The essence of yoga is captured by the practice of Rasayana Yoga. This is a deep, contemplative form of yogic exercise that blends meditation, guided imagery and affirmations with slow, prolonged and deliberate yoga poses.
Functional posture and breath work training are at the heart of this practice along with the strengthening of the mind-body connection and sense of intuition.
Transitions and asanas/poses are slow and done with breath and guidance. Focus on maintaining the functional breath and postural patterns during as many of the moments you remember to do them reinforces the act of mindfulness, these concepts and more are revisited at the beginning of each class.
The power of contemplative practice has been demonstrated not just in research but probably in your life’s experience. People who are drawn to yoga and alternative forms of health care tend to engage in the practice of mindfulness, or paying attention on purpose to how they feel and trying to understand and maybe augment the feeling. If this is at the core of your yogic or meditative practice or if you would like for it to be, then this is the place for you. The purpose of this exercise is to help sew the seeds of opening space within your mind and body in order to expand, take up space and show up in your life the way you want.
Everyone can benefit from this practice, whether you are a beginner, an experienced practitioner, overweight, frail, inflexible or in a wheelchair, this is a yoga class for you. Each class is kept small so that everyone gets the amount of guidance they need but also to keep space for the eye and amygdala to rest. Over the hour long class, approximately 6-10 asanas will be held total and for reference, this is but a fraction of the number of asanas you’d do in a typical yoga class. The purpose is to work on the breath, the chattering mind and the posture all at once and this takes time. The class is also flanked by restorative postures, chimes, bells and sound bathing to engage the entire central nervous system and allow the sympathetic portion of the autonomic nervous system to take a break while we rest and digest and heal.
We are currently forming classes for $13/session. If you are interested in joining, please let us know if Saturday morning or Thursday evenings would better suit your needs. Thanks for your interest!
Dr. Blake Ashley Kovner ND, is a graduate of Salem College’s Fleer Program where she earned her B.S. in biology with a minor in chemistry with an emphasis in the crossroads of the two, biochemistry. She went to Bastyr University in Seattle, Washington where she was trained as a Primary Care Provider in Naturopathic Medicine. During her education, Dr. Kovner underwent specialized and extensive Naturopathic training in Parkinson’s Disease, Multiple Sclerosis and autoimmune disease management approaches. She also became a licensed massage practitioner at the same time.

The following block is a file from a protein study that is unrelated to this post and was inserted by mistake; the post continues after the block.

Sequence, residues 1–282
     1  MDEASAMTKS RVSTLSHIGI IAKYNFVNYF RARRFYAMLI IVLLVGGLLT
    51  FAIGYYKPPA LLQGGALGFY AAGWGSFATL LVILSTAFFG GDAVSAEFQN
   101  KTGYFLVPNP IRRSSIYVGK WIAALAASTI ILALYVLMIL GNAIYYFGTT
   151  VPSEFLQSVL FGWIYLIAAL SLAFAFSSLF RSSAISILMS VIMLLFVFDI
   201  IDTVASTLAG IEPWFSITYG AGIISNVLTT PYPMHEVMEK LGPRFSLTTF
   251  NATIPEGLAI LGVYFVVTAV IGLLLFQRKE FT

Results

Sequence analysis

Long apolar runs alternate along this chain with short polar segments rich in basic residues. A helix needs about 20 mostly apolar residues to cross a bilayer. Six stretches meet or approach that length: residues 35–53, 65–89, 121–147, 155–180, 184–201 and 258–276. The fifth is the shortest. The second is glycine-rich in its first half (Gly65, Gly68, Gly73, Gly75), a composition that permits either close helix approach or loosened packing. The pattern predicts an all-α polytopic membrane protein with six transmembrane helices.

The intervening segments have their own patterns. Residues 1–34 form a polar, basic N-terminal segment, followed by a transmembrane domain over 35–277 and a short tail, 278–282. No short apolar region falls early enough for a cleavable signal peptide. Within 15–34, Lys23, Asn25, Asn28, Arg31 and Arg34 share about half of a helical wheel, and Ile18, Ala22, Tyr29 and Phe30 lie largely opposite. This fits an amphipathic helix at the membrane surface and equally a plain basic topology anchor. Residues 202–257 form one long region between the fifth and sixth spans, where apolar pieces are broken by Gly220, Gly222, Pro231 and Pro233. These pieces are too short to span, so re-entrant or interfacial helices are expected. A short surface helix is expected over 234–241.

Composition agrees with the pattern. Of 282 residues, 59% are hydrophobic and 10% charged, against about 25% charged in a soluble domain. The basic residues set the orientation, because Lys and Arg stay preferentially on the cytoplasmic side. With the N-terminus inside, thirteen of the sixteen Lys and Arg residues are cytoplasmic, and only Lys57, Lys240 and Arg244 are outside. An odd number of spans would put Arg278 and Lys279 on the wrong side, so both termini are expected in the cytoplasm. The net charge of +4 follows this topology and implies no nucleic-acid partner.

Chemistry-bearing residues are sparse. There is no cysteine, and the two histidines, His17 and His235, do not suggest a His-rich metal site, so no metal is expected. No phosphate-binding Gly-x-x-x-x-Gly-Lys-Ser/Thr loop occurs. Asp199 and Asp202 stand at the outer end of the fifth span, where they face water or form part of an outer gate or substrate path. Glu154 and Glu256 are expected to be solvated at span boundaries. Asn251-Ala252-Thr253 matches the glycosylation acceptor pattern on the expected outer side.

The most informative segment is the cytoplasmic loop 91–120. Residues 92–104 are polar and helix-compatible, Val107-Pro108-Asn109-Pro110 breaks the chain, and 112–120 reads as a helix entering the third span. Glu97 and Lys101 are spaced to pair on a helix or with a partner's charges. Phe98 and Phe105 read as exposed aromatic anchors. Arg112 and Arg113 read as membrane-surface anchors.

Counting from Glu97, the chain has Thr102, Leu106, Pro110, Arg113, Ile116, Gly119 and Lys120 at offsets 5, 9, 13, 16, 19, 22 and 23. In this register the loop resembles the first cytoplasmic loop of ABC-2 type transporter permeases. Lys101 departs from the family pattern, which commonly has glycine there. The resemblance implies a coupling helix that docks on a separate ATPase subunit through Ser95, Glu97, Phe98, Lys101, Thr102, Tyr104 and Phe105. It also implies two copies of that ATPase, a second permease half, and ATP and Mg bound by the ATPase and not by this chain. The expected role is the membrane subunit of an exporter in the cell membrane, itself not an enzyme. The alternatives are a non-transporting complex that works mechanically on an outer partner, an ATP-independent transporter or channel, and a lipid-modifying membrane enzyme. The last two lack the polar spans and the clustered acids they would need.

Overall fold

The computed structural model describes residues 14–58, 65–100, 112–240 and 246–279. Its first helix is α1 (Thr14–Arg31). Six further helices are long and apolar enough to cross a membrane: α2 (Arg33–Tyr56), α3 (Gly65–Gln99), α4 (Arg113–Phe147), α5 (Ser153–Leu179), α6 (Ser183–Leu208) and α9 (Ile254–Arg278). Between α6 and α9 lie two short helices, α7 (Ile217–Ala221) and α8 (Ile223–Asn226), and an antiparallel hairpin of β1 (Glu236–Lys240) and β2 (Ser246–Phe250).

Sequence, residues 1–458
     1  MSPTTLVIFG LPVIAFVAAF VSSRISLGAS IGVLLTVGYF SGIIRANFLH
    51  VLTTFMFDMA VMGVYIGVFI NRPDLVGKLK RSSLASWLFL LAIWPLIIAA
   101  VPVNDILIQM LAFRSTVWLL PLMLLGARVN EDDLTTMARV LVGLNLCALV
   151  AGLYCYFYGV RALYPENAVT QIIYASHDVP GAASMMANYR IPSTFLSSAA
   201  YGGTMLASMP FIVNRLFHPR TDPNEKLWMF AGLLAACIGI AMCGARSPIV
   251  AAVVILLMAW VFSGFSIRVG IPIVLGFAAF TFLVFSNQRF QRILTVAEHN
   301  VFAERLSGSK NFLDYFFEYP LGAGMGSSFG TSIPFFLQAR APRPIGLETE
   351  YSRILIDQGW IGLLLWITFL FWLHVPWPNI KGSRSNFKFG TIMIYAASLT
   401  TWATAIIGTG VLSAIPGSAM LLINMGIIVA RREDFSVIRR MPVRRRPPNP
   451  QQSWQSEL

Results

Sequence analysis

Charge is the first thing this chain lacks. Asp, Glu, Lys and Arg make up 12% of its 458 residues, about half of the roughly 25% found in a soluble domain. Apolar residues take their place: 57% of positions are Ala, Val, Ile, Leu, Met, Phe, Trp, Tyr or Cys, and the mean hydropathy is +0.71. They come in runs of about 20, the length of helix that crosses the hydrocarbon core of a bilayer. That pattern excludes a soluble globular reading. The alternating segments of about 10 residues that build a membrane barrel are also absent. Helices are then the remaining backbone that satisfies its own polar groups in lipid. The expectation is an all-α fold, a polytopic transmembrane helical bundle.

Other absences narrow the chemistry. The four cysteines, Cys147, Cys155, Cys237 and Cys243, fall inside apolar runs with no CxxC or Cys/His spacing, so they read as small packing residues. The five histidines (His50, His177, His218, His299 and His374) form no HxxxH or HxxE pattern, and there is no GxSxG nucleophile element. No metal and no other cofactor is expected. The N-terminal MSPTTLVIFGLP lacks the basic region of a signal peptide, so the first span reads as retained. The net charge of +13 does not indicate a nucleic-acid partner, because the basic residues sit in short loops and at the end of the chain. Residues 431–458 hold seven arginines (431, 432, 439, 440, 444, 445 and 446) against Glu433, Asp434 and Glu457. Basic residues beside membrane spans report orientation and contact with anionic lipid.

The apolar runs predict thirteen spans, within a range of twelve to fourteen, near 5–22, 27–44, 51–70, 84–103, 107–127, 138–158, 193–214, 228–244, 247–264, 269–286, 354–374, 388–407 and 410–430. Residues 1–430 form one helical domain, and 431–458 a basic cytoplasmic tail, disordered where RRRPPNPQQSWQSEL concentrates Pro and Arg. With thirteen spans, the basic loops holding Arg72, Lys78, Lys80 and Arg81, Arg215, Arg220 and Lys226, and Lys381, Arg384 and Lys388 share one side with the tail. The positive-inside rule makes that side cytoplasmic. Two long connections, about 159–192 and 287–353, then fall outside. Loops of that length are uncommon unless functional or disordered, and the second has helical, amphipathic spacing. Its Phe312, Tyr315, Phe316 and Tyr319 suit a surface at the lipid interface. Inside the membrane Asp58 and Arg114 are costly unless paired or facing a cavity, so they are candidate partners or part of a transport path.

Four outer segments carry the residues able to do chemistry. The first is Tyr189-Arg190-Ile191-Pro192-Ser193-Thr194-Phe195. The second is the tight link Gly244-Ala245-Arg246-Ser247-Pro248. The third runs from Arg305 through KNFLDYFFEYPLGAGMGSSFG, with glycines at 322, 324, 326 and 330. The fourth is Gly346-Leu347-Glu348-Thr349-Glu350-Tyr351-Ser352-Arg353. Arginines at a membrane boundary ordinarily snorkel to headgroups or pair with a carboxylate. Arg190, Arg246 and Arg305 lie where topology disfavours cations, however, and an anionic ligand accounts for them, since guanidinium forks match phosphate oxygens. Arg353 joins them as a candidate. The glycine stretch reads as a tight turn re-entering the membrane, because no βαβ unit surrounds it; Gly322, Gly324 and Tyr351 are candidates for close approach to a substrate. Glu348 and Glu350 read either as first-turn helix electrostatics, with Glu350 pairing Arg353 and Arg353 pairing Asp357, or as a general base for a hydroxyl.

Her practice is comprised of roots-based, constitutional medicine that stems from Western Medical Herbalism, German Biologic Medicine and Ayurveda. As a Medical Herbalist, Dr. Kovner employs the art and science of individualized formulation where she makes botanical medicine for her patients, teaches them about the plants and how to grow them.
While she is a specialist in nutraceuticals, Dr. Kovner believes strongly in the Hippocratic principle, “Let thy food be thy medicine.” With this in mind, she teaches her patients about the gut-brain axis, empowering them from the inside out. In a similar light, she excels in drug-free pain management for almost any chronic condition utilizing functional medicine and biofeedback.
She worked in New Orleans at LSU as a research associate on an NIH-funded clinical trial on the safety and neuroprotective effects of a green tea extract on people with Multiple Sclerosis. There, she co-authored two peer-reviewed articles on MS that were published in scientific journals. The first is entitled, “Cognitive Impairment in multiple sclerosis” and the second one, “Polyphenon E, Non-futile at Neuroprotection in Multiple Sclerosis but Unpredictably Hepatotoxic: Phase I Single Group and Phase II Randomized Placebo-Controlled Studies”. She also participated in building an MRI database to see if brain atrophy is directly related to disease progression as measured by EDSS score and was trained as a Wheelchair Hatha Yoga Teacher and a Rasayana Yoga Teacher.
Prior to practicing medicine, Dr. Kovner was a poet on the local SLAM poetry team and is the artist who created the iconic Trade Street figure called, Sax Man and had two gallery openings at AFAS's former UnLeashed Gallery.